Author: David Kennedy, Jim O’Gorman, Devon Kearns and Mati Aharoni
Publisher: No Starch Press
Metasploit Framework (MF), the open source tool for launching exploits against remote machines, is a well-loved instrument that allows penetration testers to automate routine and complex tasks. This book explains how to use it and other assorted tools and will have you up and running your own exploits in a flash.
About the authors
David Kennedy is CISO at Diebold Incorporated and creator of the Social-Engineer Toolkit, Fast-Track, and other open source tools.
Jim O’Gorman (Elwood) is a professional penetration tester, an instructor at Offensive Security, and manages Offensive Security’s consulting services.
Devon Kearns is an instructor at Offensive-Security, a BackTrack developer, and administrator of The Exploit Database.
Mati Aharoni is the creator of BackTrack and founder of Offensive-Security.
Inside the book
The book starts with two very short chapters about basic penetration testing and introduces the tools within the MF.
As it continues through the various phases of a penetration test (pre-engagement interactions, intelligence gathering, threat modeling, vulnerability analysis, exploitation, post exploitation and reporting), the authors slowly introduce various tools (the Meterpreter, the Social-Engineering Toolkit, Fast-Track, Karmetasploit, and Metasploit’s modules) and concepts such as antivirus evasion techniques, browser bugs and client-side exploitation, social-engineering attacks, fuzzing, the creation of one’s own exploitation modules, and more.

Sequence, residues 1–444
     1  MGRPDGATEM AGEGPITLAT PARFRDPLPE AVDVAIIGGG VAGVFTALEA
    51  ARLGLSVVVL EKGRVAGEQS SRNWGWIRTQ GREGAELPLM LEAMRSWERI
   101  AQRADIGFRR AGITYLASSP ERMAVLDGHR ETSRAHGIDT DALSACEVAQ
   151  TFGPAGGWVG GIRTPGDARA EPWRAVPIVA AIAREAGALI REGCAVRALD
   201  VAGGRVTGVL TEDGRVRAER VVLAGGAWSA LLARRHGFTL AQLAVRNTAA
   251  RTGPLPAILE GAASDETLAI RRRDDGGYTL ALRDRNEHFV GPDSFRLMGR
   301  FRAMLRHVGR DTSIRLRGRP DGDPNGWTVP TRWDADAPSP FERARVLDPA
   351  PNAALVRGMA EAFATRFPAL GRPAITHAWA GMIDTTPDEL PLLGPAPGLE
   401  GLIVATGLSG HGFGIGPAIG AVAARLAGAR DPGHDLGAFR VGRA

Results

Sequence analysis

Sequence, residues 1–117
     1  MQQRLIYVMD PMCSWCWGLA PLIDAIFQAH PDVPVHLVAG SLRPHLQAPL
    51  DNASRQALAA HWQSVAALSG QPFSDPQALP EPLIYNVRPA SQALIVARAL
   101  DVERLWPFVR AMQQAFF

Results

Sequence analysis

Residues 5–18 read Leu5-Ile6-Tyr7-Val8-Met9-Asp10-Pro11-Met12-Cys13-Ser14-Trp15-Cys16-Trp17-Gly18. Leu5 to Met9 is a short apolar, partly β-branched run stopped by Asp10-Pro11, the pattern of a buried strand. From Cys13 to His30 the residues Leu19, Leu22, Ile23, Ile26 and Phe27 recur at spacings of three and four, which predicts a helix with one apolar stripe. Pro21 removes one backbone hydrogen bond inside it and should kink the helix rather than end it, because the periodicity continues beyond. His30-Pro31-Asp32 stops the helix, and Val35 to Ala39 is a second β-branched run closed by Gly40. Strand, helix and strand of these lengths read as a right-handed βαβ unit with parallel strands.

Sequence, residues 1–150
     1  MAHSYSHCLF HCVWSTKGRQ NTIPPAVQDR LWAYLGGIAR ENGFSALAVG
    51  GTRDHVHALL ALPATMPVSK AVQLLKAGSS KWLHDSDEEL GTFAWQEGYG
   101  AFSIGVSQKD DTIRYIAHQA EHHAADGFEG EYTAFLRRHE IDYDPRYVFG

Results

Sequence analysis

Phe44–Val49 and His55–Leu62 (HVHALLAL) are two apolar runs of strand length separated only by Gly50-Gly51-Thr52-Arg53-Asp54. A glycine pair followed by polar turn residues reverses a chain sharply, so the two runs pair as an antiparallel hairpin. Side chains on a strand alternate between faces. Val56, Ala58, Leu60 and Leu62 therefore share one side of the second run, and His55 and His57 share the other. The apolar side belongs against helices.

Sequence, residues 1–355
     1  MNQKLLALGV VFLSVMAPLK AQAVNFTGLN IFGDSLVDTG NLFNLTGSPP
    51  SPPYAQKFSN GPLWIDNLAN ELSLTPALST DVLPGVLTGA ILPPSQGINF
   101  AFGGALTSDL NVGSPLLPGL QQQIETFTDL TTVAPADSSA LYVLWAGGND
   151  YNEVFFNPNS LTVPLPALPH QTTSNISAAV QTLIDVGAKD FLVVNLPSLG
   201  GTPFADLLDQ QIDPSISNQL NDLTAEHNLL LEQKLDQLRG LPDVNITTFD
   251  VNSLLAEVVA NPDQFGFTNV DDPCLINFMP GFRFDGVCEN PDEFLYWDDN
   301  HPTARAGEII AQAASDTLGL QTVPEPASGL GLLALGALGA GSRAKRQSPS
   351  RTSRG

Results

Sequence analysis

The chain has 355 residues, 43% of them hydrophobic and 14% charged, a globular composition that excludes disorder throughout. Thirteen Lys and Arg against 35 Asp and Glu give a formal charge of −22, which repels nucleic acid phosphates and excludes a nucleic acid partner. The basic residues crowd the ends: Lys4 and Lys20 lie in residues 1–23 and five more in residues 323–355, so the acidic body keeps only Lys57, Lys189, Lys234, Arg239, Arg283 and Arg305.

Each chapter builds upon the knowledge shared in the previous one in a very organic and seamless way. The language is as technical as it needs to be and the explanations clear.
All the chapters are a finely balanced combination of text, code, screenshots and tips, and coupled with a machine on which the reader can try out everything he reads about, this book is the perfect guide for those beginning to work with Metasploit. Experienced penetration testers and MF users will likely skip a lot of the content, but could find it useful as a reference.
In order to understand the things shared in it, the reader should be familiar with Ruby and/or Python, as many of the examples shown are written in one of those two programming languages.
HD Moore, the founder of the Metasploit Project, wholeheartedly recommends the book – and who am I to say otherwise?
But, in all seriousness, it is a very helpful and interesting book for beginners, especially those who like to learn by doing – every chapter is like a thoroughly documented project covered from beginning to end.